Pupils are not often behaving that badly
The notion of knife-wielding hordes ready to strike out at anyone who presumes to mark their sums wrong, while holding obvious appeal for headline writers, is far from the daily experience of teachers. However, doom-laden stories of universal mayhem, and statistics on the rising incidence of assault, do little to reassure ordinary citizens.
One study by a researcher from Nottingham University concluded sagely that indiscipline in schools was really the fault of teachers, rather than the result of any shortcomings on the part of pupils or gaps in their upbringing. This venerable academic may require a new identity and an honorary place in the witness protection scheme to survive the indignant reaction to his conclusions.
We are eruditely informed that his study constitutes "a fundamental attribution shift".
If there is attributing to be done, I would accord credit to teachers across the country for the levels of good behaviour and discipline which they succeed in maintaining day after day, year after year, often in challenging circumstances. They manage to make the curriculum relevant and motivating for their pupils, despite the ever-increasing diversity of backgrounds represented in their classes.
We have all encountered colleagues who could antagonise for Scotland, as well as pupils who hold advanced qualifications in irritation science, but most teachers display admirable levels of patience and forbearance.
We repeatedly tell parents that no one has the right to disrupt a class in Holy Rood. Honouring this pledge requires us to have clear and accessible arrangements which will allow classes to continue when problems occur.
It is essential to prevent situations escalating beyond a level commensurate with the original misdemeanour. Otherwise the miscreant can be given the unmistakable message that he can xert control and have legions of adults in a ferment simply by misbehaving.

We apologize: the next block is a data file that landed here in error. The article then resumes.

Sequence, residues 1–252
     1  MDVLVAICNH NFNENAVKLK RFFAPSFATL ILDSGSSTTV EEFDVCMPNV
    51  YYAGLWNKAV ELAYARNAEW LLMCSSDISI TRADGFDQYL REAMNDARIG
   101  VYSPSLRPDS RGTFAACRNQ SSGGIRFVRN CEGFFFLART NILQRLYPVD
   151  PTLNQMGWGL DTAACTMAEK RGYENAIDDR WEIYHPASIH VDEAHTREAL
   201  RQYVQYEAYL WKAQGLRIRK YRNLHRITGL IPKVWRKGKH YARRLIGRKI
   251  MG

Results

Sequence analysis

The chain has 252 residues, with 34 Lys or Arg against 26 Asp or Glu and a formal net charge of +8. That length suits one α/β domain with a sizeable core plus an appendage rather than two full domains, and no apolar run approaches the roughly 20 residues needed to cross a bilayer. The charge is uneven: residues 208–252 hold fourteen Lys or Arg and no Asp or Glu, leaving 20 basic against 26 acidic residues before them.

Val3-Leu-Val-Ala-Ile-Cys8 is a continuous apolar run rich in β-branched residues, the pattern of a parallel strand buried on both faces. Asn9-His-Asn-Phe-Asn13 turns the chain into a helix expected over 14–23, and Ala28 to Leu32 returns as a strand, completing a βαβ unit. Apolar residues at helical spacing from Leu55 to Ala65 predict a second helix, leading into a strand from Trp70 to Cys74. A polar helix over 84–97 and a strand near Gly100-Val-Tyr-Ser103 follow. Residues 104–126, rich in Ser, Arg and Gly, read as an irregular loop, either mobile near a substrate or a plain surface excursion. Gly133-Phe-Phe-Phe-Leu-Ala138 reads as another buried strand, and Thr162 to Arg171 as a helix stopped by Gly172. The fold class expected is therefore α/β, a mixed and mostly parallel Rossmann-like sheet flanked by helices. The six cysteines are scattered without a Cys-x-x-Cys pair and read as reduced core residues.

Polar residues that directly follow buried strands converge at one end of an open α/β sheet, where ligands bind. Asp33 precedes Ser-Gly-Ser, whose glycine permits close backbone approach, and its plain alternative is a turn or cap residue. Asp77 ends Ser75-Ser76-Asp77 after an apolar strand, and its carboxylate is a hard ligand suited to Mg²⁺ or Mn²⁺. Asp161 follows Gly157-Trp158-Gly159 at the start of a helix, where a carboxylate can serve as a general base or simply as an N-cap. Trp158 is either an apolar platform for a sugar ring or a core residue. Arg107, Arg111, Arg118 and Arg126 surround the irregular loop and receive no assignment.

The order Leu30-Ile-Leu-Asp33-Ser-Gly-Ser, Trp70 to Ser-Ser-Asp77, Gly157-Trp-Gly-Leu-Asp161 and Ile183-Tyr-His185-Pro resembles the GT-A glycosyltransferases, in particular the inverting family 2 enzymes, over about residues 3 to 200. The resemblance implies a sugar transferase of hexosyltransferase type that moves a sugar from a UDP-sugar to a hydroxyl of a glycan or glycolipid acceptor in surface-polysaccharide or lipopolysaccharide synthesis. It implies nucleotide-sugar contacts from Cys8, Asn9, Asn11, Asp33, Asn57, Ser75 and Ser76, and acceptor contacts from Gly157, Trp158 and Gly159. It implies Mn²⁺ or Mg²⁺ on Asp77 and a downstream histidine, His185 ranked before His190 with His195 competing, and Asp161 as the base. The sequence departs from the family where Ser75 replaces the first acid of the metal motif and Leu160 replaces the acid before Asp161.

Teachers in Holy Rood devised a supervision system which enables situations to be defused and pupils to be accommodated immediately in a location removed from the scene of their crime. The offence may be relatively low-grade, but may be affecting the learning of others.
Individual departments have their own disciplinary procedures and the tone and atmosphere around the school is ordered and business-like.
This session we have employed a young psychology graduate to help us look after some of our more habitual recidivists. Nuala has been recruited and paid as an auxiliary, but she combines the roles of supervisor, counsellor and critical friend. There have been several cases where pupils who otherwise would have had to be excluded have been managed in this way.
External agencies play a prominent role in supporting pupils who struggle to survive within the norms of a mainstream secondary school. Martin Gemmell, our educational psychologist, provides practical, hands-on support to our guidance team in dealing with young people in difficulty. Our education welfare officer, Janice Stewart, brings detailed knowledge of Holy Rood families, with whom she has worked for more than two decades.
There are young people across the country whose needs cannot be catered for within the environment of the mainstream secondary school as things stand. The seriously violent or aggressive minority are impervious to the devices put in place to contain their behaviour. Many of them are dropping off the edge of statutory education at ever earlier ages.
Schools are often helpless in dealing with their problems. Many colleagues consider that there is a general omerta on the entire subject and a national reluctance to tackle the thorny issues they present. Setting national targets for reduction of exclusions may not have them scurrying back to their desks.
Pat Sweeney is headteacher at Holy Rood High School, Edinburgh